Souter - Pocket Lexicon to The Greek New Testament - cловарь BibleQuote

Souter - Pocket Lexicon to The Greek New Testament - cловарь BibleQuote
The present work is the third and last volume of the tiny trilogy which I have been permitted to contribute for the use of students of the New Testament.
In my Oxford days I was particularly struck by the fact that many theological works, which in their German form cost a small sum, were only to be obtained at a greatly increased price, when they appeared in an English dress. It seemed to me that there was at least as large a public for such productions in Britain and America as in Germany, and I could never see that the usual improvement in form justified the higher cost. The supineness of the clergy and others interested has been and is to me a subject of wonder, especially as few of them are men of means. I have long held the view that the most necessary knowledge in all departments should be available to the English reading public at a moderate price, and in this view I have been heartily encouraged by the Delegates of the Clarendon Press.
The last quarter of a century or so has, as is well known, seen a vast accession to the material of value for the textual interpretation of the Greek New Testament, particularly in Greek papyri discovered in Egypt. These documents are for the most part written in the non-literary Greek, the κοινὴ (διάλεκτος), ‘the common dialect’ or lingua franca, spoken and written throughout out almost the whole Graeco-Roman world. Of this Greek an excellent account will be found in A. Meillet’s Aperзu de la langue grecque (Paris, 1913), a delightful volume which all interested in Greek ought to read. A number of years ago I formed the plan of a small pocket dictionary, in which as much of this new knowledge as possible should be incorporated in an unobtrusive way. This plan had been quite given up before the end of 1911, but in 1912 such pressure was applied by the Delegates of the Clarendon Press that I felt compelled to take it up again and do what I could with it.
The aim I have set before me is to give the forms of Greek words in the New Testament and their meanings as exactly as possible, according to the best knowledge available at the present time. I have studied brevity throughout, omitting matters connected with declension, conjugation, gender, &c., and even references to passages in the New Testament itself, except in cases where the reader might be left in doubt which of two or more senses to choose. I have thus been able to secure space for extended explanation, where the simplicity of the language is merely specious. I have endeavoured also to assign all borrowings of words or idioms from other languages (Latin, Aramaic, Hebrew) as accurately as possible. It may be assumed, where no such borrowing is indicated, that the evidence now favours the vernacular origin of word or idiom. Occasionally I have added the Latin word expressing the meaning of the Greek.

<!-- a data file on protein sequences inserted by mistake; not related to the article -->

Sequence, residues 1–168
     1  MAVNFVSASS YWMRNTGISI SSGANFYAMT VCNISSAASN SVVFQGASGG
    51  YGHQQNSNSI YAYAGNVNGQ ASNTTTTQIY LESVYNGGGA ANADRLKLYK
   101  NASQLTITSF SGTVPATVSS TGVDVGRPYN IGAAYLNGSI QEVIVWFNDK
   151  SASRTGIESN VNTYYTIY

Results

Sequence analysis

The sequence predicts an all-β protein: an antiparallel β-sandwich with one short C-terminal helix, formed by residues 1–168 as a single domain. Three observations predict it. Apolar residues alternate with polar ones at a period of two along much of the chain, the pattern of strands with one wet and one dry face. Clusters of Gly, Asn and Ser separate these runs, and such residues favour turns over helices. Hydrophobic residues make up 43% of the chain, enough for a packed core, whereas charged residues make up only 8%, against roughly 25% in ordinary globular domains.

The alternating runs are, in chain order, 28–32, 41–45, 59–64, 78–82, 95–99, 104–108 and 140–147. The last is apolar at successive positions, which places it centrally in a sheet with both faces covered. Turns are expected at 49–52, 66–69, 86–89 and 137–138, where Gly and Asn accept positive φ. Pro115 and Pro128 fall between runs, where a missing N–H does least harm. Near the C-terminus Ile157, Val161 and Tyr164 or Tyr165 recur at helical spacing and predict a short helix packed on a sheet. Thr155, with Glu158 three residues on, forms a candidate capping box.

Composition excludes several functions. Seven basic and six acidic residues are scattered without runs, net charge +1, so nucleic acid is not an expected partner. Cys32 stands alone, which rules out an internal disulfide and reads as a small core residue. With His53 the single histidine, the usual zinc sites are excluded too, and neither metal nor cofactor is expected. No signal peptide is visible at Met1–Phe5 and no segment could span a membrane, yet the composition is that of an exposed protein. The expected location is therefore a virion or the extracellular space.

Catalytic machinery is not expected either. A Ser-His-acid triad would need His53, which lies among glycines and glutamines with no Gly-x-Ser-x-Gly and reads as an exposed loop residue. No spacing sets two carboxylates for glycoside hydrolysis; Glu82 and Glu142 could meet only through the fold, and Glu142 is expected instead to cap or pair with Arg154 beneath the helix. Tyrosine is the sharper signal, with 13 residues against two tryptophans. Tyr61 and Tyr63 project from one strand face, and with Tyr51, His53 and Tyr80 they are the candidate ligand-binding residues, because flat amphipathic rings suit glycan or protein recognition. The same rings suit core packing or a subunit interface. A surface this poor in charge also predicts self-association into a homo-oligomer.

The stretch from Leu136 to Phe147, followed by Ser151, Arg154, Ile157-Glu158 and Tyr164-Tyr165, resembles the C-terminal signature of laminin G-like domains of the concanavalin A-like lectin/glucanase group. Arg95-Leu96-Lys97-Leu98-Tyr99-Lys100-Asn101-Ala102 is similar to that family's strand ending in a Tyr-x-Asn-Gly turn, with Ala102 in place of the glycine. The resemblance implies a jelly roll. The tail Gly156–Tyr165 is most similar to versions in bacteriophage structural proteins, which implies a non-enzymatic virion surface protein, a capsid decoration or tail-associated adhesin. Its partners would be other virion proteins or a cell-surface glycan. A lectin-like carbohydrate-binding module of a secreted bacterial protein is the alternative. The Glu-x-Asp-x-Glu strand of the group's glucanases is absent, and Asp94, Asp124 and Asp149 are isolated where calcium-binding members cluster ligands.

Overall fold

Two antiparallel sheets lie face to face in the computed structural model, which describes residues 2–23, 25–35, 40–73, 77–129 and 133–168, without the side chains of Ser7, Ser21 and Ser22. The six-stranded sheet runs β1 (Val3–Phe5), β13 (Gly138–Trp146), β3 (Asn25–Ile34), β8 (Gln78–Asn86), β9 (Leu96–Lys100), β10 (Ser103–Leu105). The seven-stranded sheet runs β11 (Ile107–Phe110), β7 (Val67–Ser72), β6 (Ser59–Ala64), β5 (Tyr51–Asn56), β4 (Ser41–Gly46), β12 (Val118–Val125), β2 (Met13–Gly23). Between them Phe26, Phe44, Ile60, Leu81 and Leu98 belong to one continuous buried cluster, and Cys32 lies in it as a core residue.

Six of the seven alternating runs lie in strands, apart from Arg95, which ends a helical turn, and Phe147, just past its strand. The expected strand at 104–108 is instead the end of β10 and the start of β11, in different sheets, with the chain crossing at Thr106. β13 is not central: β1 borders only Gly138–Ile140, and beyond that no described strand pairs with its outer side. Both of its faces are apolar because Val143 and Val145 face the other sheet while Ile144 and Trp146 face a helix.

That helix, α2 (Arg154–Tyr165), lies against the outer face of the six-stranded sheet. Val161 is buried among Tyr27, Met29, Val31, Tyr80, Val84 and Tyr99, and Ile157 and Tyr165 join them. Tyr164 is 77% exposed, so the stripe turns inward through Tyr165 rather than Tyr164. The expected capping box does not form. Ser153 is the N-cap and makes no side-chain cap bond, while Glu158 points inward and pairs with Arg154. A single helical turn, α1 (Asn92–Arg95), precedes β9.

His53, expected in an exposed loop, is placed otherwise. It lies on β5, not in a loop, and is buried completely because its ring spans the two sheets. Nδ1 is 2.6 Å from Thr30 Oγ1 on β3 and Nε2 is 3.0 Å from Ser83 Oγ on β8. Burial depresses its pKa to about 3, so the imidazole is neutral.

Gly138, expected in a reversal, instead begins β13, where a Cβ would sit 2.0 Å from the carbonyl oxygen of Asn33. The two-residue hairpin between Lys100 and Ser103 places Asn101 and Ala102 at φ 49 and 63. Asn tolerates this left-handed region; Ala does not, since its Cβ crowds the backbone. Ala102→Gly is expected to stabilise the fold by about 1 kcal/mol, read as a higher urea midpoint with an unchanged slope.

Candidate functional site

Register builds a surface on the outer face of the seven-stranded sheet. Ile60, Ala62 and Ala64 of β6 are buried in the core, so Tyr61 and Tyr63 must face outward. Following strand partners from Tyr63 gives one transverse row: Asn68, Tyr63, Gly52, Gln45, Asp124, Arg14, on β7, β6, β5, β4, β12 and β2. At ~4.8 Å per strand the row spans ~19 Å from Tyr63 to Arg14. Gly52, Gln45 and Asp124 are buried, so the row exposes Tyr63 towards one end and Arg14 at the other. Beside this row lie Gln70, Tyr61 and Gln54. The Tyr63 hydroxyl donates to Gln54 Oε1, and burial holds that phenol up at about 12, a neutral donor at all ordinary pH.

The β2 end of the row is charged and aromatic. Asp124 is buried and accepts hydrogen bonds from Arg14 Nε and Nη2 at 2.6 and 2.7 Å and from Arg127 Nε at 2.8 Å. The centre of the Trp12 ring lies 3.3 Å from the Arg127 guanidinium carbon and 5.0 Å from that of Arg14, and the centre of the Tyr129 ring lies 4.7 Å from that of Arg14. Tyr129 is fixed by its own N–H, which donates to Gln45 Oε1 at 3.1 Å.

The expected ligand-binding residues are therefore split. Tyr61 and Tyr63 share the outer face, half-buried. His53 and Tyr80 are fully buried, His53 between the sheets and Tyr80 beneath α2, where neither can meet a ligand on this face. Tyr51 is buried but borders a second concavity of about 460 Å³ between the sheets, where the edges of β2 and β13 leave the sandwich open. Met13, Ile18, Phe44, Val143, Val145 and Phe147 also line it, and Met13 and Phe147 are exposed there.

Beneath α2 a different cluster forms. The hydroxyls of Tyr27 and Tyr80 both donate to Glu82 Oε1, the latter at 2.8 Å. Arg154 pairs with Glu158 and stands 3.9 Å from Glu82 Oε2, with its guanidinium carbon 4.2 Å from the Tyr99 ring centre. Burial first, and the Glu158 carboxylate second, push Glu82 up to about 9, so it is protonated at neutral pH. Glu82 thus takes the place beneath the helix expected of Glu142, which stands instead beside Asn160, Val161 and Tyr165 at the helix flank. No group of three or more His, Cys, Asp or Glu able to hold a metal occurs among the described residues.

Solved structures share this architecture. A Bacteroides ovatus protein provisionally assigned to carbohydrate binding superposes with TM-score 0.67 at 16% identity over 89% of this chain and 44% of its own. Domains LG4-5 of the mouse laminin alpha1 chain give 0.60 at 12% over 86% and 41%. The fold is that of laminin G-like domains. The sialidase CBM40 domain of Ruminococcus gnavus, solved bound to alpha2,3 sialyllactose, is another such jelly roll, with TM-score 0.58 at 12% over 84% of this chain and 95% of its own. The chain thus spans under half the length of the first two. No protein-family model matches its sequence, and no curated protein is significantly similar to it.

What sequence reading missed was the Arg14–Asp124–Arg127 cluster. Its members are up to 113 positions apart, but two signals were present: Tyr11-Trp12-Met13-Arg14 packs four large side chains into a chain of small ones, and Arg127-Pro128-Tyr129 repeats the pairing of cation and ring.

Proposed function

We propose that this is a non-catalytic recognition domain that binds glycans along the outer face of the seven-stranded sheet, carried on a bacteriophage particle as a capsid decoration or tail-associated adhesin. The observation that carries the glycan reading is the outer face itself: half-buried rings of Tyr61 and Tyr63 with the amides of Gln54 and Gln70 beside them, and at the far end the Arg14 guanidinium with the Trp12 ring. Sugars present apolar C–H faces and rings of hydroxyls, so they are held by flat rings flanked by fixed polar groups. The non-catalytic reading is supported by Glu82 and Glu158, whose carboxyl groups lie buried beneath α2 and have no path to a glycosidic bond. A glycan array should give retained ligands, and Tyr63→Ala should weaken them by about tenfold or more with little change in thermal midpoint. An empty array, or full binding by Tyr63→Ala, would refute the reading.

Of personal, apart from literary, obligations, I ought to mention my indebtedness to the true friend of many years, Dr. Sanday, for constant counsel and interest; to Dr. Milligan, for so kindly lending me the first part of the Vocabulary in proof, while it was still unpublished; and, finally, to two former pupils, Mr. John Fraser, M.A., Lecturer in Latin and Lecturer in Comparative Philology in the University of Aberdeen, from whose scholarly revision the book has greatly benefited, and Rev. C. H. Dodd, M.A., now Lecturer, Mansfield College, Oxford, whose critical faculty I have often had occasion to appreciate. For the defects that remain—and even in a small work like this, where thousands of statements are made, they are inevitable—I am entirely responsible.
University of Aberdeen, 1915.
the first letter of the Greek alphabet, see ἄλφα
(Hebr.), Aaron, son of Amram and Jochebed, younger brother of Moses.
(Hebr.), Destroyer (i.e. Destroying Angel) or ‘place of destruction’ (personified).
unburdensome, bringing no weight or oppression upon.
(Aramaic) (voc.), Father!
(sc. χώρα), the Abilenian territory, the territory of Abila (in Syria), a small principality in the mountains WNW. of Damascus.
(Hebr.), Abel, second son of Adam and Eve, brother of Cain.
(Hebr.), Abijah, founder of the eighth class of priests (1 Chron. 24:10).
(Hebr.), Abiathar, a priest in King David’s time.
see Ἀβειληνή
(Hebr.), Abiud, son of Zorobabel and father of Eliakim.
(Hebr.), Abraham, progenitor of the Hebrew race; hence the phrase θυγατέραἉβραάμ (Lk. 13:16) means simply a woman of Hebrew race.
the abyss, the unfathomable depth, an especially Jewish conception, the home of the dead and of evil spirits.

Souter-Pocket Lexicon to The Greek New Testament - cловарь BibleQuote

by Alexander Souter, M.A.
(magdalen college)
sometime yates professor of new testament greek and exegesis in mansfield college
Источник: Logos Bible Software
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